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Christopher Nolan on the Danger of Streaming-Only Films Disappearing: “It Will Need to Be Fixed”

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Christopher Nolan is addressing the concern that filmmakers’ projects could vanish if they are removed from streaming platforms and not available to be seen via physical media.

During a conversation with The Washington Post published online Friday, the Oppenheimer director discussed his film’s upcoming home release. Nolan clarified that a comment he made at a recent Oppenheimer screening about the home release being important to prevent an “evil streaming service” from stealing the project from viewers was just a joke, but that he does see a potential danger for movies that only exist on streamers.

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“There is a danger these days that if things only exist in the streaming version, they do get taken down,” Nolan told the publication. “They come and go — as do broadcast versions of films, so my films will play on HBO or whatever, they’ll come and go. But the home video version is the thing that can always be there, so people can always access it. And since the 1980s, as filmmakers, we’ve taken that for granted, and now we have to make sure that there’s a way that that can continue to happen, if not the physical media.”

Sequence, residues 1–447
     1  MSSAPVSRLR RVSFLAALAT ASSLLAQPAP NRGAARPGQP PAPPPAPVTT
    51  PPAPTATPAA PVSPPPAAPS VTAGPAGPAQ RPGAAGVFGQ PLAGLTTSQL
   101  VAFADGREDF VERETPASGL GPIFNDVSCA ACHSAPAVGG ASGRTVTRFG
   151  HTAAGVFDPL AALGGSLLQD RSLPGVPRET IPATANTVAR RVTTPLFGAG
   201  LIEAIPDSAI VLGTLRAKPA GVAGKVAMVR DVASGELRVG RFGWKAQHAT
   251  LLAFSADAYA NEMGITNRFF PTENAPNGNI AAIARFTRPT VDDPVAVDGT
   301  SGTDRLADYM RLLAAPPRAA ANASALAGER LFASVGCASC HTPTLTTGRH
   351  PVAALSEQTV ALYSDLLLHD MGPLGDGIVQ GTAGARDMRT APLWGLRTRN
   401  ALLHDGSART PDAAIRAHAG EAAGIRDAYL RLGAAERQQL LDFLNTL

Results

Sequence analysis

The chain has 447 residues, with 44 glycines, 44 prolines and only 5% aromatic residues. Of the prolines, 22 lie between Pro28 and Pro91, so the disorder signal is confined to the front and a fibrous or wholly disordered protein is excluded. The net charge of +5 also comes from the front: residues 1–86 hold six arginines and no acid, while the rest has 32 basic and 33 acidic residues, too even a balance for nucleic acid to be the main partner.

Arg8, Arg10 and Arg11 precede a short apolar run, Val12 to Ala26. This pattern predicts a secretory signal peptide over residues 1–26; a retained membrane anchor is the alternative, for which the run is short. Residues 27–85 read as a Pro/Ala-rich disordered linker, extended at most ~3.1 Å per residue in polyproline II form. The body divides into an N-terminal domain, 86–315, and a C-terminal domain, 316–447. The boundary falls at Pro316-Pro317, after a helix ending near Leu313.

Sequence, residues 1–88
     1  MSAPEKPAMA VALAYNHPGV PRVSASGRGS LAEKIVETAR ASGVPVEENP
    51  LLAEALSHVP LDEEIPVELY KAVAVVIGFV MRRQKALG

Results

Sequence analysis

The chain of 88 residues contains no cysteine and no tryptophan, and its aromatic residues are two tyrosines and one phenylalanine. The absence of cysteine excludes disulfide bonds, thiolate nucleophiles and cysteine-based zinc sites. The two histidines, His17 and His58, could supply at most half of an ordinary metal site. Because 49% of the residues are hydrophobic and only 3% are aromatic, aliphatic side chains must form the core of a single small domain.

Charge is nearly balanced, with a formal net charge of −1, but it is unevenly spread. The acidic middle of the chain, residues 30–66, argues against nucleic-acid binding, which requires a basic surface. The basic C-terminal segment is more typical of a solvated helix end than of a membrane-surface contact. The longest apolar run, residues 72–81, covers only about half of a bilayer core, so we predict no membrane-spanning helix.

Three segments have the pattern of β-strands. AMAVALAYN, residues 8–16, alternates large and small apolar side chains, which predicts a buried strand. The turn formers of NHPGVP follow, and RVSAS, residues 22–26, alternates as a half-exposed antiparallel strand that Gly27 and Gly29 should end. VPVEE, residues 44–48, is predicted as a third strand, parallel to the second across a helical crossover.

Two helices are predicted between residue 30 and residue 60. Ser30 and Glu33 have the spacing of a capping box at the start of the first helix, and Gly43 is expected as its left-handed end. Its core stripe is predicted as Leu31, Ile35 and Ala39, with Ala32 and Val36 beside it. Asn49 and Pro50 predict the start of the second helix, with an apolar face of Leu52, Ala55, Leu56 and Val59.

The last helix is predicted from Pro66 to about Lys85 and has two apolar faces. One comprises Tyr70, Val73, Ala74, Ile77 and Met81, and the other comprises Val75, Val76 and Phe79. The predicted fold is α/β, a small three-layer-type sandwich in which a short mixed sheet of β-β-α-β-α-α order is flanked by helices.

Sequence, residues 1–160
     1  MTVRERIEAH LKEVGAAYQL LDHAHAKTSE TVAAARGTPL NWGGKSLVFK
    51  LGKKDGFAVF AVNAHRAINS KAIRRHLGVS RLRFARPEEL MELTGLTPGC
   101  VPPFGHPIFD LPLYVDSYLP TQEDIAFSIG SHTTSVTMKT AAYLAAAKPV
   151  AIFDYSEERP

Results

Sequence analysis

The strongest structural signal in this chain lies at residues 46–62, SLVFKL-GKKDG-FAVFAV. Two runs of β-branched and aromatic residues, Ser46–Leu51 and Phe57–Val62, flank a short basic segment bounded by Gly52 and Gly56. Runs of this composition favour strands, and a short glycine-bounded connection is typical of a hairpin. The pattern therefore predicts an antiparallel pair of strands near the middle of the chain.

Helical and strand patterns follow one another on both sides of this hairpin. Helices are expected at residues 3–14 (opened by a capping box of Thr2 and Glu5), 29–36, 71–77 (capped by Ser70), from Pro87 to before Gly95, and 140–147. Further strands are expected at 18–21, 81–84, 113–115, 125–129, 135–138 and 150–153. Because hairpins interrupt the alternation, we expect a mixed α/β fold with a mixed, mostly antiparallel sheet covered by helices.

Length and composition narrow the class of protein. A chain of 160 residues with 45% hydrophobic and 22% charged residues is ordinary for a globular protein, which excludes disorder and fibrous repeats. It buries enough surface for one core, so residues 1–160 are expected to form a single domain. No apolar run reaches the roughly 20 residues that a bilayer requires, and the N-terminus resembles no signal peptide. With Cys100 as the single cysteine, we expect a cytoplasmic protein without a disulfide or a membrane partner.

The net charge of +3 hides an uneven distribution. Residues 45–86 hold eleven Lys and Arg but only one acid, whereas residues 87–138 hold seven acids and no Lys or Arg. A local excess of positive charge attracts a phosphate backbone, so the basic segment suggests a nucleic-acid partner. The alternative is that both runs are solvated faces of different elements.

Nolan explained that he doesn’t discourage changes in how people experience movies and said that “the culture of film thrives with new innovations.” But he also knows that “the accessibility of your work” is something that needs to be protected.

“The danger I’m talking about with a filmmaker’s film just sort of disappearing from streaming one day and then maybe not coming back or not coming back for a long period of time, that’s not an intentional conspiracy,” he continued. “That’s just a way that with the particular licensing agreements, the way things are evolving. So it’s something worth pointing out because it will need to be fixed, but I’m very confident that it will be.”

The topic of titles permanently disappearing from streaming services has become a relevant one in recent months. Earlier this year, Disney took a $1.5 billion tax write-down after dropping more than 70 titles from Disney+ and Hulu, while Warner Bros. Discovery has signed licensing deals with free, ad-supported channels for its previously dropped shows, including Westworld, which was co-created by Nolan’s brother Jonathan Nolan.

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